The story opens with a description of Mr. Larch's lonely life and his lack of interest in his garden, his neighbors, or any seasonal activities. He even posts signs on his perfect-for-sledding-hill warning everyone to "keep off" and "go away." The cheerful watercolor illustrations portray the seasons and their decorations passing by Mr. Larch's house, known locally as "The Cave." When irrepressible Willow moves across the street from the Cave, her sunny disposition is obvious. Delighted with enough room to start a garden, Willow sends colorful letters to each of her neighbors asking for help getting started with seedlings or seeds. The response is such that her yard becomes a luscious garden, that brightens the entire street and gives everyone pleasure for having shared. Willow organizes a collection of "hats and mittens" for her school's charity drive and rewards participants with vegetables from her garden. Sharp observers will notice that Mr. Larch makes a donation and receives his own share of the harvest's bounty. Willow sends letters and notes to all of the neighbors and manages to provide a shining example of how neighborliness changes everyone. Winter's approach makes Willow want to have a giant sledding event but the weather refuses to cooperate. Willow delivers yet another note: "I'm in need of snow! Can you help?" The picture of Mr. Larch reading the note shows a hint of a smile on his lips. Willow receives a response in the form of a letter with instructions for "The Snow Day Dance." She passes out copies of the instructions (which include wearing pajamas inside out and backwards AND dancing wildly on one's bed). The double spread of all of the neighbors cavorting on their beds includes Mr. Larch in one corner. Then the next morning the entire neighborhood is covered in snow and decorated with cheerful snow people and a big message made from snowballs "Snow Day." Mr. Larch stands waiting at the top of his hill, ready to lead the sledding. This title covers so many things that teachers can employ in a classroom setting that the list could read like a basic curriculum: sequences in nature, weather, seasonal activities, recycling, predicting outcomes, having faith in people is important, generosity makes everyone feel good, writing letters can change attitudes and actions, observing others can provide inspiration, being a role model is essential (and can be contagious) and so forth. . .all of this wrapped in appealing illustrations. Reviewer: Sheilah Egan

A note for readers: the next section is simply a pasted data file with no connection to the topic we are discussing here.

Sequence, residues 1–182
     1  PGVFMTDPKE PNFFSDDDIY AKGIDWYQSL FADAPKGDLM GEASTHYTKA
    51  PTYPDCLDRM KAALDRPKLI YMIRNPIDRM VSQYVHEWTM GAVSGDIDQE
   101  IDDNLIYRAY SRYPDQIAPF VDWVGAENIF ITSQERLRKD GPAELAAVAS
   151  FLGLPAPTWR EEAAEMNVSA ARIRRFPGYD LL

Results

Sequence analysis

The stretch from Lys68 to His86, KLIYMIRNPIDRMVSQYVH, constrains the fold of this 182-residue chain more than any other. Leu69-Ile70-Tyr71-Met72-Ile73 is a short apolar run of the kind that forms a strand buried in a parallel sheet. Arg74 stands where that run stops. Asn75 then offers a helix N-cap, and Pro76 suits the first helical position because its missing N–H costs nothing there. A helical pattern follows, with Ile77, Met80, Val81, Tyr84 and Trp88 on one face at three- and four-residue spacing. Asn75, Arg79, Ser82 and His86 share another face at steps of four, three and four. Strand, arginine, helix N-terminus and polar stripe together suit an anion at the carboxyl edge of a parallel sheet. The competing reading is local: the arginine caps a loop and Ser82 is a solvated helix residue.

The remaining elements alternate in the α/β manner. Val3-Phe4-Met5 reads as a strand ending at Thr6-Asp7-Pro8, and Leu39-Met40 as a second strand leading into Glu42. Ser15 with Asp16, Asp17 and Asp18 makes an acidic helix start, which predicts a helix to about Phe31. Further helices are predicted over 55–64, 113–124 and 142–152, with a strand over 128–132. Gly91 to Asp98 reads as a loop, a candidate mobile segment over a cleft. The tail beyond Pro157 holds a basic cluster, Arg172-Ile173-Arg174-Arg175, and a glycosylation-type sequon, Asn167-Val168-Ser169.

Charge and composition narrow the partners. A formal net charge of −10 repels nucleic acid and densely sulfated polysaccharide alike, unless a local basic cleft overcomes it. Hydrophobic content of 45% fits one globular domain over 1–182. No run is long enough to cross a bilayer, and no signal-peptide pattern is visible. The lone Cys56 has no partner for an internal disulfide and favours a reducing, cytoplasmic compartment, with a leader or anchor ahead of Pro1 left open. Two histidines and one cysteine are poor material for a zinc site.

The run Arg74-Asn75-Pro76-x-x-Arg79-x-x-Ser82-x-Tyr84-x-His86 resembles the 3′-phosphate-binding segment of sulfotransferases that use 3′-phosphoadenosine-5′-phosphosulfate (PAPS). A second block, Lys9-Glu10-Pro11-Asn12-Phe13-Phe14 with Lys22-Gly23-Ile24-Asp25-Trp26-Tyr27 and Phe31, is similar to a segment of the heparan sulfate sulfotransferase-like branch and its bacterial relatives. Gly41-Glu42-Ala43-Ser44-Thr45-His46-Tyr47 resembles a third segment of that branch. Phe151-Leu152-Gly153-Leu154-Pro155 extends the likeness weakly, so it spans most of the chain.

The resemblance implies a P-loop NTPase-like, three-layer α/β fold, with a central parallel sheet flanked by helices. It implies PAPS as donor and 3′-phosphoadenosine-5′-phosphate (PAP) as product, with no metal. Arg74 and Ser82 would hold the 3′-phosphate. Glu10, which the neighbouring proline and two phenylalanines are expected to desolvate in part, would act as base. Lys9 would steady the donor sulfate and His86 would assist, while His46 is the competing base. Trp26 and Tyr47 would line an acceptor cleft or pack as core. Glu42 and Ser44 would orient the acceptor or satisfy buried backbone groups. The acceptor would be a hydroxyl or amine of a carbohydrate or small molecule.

School Library Journal
PreS-Gr 2—The girl with the "Pollyanna-can-do" attitude introduced in Willow (Sleeping Bear, 2008) returns in this picture book. New in a neighborhood inhabited by dour and off-putting Mr. Larch, she blithely settles in, asking neighbors for seedlings for her garden, sharing its produce, soliciting donations for the school's hat-and-mitten drive and, finally, during a warm winter, asking for her neighbors' help in getting snow. She receives an anonymous note in return, with a series of silly instructions that she is asked to share widely to get results. Sure enough, the next forecast for snow results in children and adults dancing, taping pennies to doors, and wearing pajamas inside out and backwards as they hope for some precipitation. The next morning dawns to a snow day, and a now-smiling Mr. Larch is revealed as the man behind the note. The bright watercolor and pencil illustrations echo the mood of the upbeat, wiggly-haired protagonist. This longish story can be shared one-on-one or read independently. Kids will find inspiration in their own power to make changes after reading about the resilient Willow.—Marge Loch-Wouters, La Crosse Public Library, WI
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Product Details

  • ISBN-13: 9781585365227
  • Publisher: Sleeping Bear Press
  • Publication date: 11/21/2010
  • Format: Library Binding
  • Pages: 32
  • Sales rank: 1,001,767
  • Age range: 5 - 8 Years
  • Product dimensions: 9.20 (w) x 11.10 (h) x 0.60 (d)

Meet the Author


Denise Brennan-Nelson's books with Sleeping Bear Press include the Likes to Say series, Someday Is Not a Day of the Week, and Buzzy the bumblebee. As a national speaker, she travels the country sharing her reading and writing enthusiasm with schoolchildren and teachers. Denise lives in Howell, Michigan.

Cyd Moore studied graphic design and fine arts at the University of Georgia. Her work includes posters, billboards, books, and newspaper and magazine articles. In addition to Willow, Cyd is the illustrator of more than 35 books, including the Stinky Face series. She lives in Commerce, Michigan.